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David Joyner, Math Department

Projects in Cryptography, Codes, and Information Security

SM473, Projects in Cryptography, Codes, and Information Security: A capstone course on cryptography

Recommended text: M. Stamp and R. Low, Applied Cryptanalysis, Wiley, 2007.

Working Groups: The class is divided into two-member working groups. Each group will work on the homework together. Also, there will be class group activities such as groups solving each other's ciphers.

Quizzes: There are several quizzes (most are open notes, but are taken individually not in groups).

There will be hour exams and a final project. The final project is an individual project. Spring 2014-2015 projects had the following suggestions for the content of the final paper: describe a specific cipher with details on

  • the encryption process,

  • the key space,
  • a decryption process,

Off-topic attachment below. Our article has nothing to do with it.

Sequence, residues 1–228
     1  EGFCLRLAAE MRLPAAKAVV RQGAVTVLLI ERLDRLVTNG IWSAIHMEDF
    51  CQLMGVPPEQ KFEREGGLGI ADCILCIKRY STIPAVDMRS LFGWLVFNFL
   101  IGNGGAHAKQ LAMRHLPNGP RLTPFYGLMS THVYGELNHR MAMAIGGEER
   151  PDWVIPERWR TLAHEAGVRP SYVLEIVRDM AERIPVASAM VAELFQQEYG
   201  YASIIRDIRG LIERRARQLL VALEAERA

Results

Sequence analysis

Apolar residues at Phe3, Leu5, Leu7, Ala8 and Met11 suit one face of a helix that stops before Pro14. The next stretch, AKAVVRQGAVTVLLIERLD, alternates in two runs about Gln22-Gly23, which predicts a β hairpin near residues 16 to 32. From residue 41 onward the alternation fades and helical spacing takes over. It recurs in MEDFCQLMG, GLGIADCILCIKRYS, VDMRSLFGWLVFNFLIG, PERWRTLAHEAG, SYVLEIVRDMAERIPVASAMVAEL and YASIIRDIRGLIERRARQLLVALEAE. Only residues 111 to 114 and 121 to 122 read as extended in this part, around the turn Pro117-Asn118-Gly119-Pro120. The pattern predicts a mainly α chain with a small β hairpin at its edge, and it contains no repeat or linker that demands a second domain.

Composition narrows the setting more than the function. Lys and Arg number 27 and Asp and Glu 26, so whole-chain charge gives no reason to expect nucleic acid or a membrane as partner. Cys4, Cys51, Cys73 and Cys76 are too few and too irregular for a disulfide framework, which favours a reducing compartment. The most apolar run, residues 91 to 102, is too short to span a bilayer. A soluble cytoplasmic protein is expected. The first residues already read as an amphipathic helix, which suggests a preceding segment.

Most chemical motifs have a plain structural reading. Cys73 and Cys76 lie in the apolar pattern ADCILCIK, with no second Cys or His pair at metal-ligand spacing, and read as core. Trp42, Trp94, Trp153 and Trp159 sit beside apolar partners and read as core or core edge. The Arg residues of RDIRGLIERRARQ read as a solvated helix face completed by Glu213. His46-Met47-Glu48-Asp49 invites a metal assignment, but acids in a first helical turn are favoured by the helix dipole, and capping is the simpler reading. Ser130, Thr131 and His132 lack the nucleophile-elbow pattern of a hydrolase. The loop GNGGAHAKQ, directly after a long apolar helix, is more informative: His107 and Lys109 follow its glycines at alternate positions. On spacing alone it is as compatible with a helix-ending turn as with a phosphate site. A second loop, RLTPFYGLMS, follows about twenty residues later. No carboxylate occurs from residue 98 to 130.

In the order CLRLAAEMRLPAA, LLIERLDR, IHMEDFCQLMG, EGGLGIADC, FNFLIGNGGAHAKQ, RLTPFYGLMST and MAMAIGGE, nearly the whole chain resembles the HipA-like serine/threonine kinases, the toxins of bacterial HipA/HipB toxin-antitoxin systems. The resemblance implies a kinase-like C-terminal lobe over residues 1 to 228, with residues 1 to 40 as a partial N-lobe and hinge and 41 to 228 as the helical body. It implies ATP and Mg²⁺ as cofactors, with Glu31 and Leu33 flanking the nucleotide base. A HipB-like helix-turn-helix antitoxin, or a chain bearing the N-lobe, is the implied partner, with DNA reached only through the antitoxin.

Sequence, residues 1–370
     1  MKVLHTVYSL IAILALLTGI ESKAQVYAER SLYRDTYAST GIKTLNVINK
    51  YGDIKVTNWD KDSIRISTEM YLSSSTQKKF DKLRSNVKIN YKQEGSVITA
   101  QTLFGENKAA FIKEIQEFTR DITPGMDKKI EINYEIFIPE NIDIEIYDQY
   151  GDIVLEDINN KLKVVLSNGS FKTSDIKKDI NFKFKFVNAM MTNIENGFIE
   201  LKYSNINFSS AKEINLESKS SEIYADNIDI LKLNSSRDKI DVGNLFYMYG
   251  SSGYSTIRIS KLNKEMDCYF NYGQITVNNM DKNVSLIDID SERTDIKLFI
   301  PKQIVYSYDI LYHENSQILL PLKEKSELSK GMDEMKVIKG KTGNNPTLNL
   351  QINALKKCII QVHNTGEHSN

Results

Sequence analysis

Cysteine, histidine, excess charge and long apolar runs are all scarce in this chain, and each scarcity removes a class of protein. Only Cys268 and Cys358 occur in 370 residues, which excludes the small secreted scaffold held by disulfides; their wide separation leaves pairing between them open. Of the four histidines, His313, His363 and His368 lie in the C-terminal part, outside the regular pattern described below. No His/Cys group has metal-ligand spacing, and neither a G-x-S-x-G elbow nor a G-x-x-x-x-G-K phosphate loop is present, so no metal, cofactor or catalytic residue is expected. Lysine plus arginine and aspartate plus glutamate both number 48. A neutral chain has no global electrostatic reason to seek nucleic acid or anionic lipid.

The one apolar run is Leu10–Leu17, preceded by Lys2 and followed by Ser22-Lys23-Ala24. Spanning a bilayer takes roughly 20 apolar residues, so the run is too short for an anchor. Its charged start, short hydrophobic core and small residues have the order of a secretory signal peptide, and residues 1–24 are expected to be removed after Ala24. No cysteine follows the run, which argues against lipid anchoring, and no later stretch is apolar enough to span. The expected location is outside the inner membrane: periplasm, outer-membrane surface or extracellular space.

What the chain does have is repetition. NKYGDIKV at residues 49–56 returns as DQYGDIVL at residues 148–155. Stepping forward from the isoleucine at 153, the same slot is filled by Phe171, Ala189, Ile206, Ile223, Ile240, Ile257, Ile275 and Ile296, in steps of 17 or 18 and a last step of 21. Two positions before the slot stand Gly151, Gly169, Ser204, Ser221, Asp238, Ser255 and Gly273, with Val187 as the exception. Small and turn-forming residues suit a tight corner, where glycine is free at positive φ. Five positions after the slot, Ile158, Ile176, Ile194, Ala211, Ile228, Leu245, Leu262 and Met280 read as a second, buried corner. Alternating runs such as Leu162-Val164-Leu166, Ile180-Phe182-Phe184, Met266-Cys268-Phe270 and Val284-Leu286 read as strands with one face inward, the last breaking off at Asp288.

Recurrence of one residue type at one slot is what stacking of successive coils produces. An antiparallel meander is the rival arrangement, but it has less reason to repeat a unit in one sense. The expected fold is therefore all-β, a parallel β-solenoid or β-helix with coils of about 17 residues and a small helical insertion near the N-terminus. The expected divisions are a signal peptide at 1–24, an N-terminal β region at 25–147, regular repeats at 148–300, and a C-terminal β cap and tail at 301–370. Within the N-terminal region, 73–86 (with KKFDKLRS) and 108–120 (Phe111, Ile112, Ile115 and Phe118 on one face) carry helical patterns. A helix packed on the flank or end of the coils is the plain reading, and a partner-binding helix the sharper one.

• a method of breaking the cipher and some indication of how complex that would be (even if it was simply a brute force attack).

Examples from spring 2014-2015:

Examples from spring 2012-2013:

Examples from spring 2013-2014:

  • Midn Baez: The Solitaire Cipher capstone
  • Midn Price: The Beale Cipher capstone

Software: Using Sage (as in the textbook) can make the homework a lot easier and our cryptology calculations less trivial and more interesting.

https://cloud.sagemath.com/ (online version, no install required) and http://www.sagemath.org/

Topics the course should cover:

  1. Classical ciphers (Vigenere Cipher, Hill Cipher ...)
  2. Number Theory basics and Public Key cryptosystems (RSA, Rabin, ...)
  3. Modern Symmetric Ciphers
  4. Discrete Logarithm Problem and related ciphers (ElGamal, Diffie-Hellman ...)
  5. Stream Ciphers
  6. Error Correcting Codes and Steganography
  7. Digital Signatures
References:
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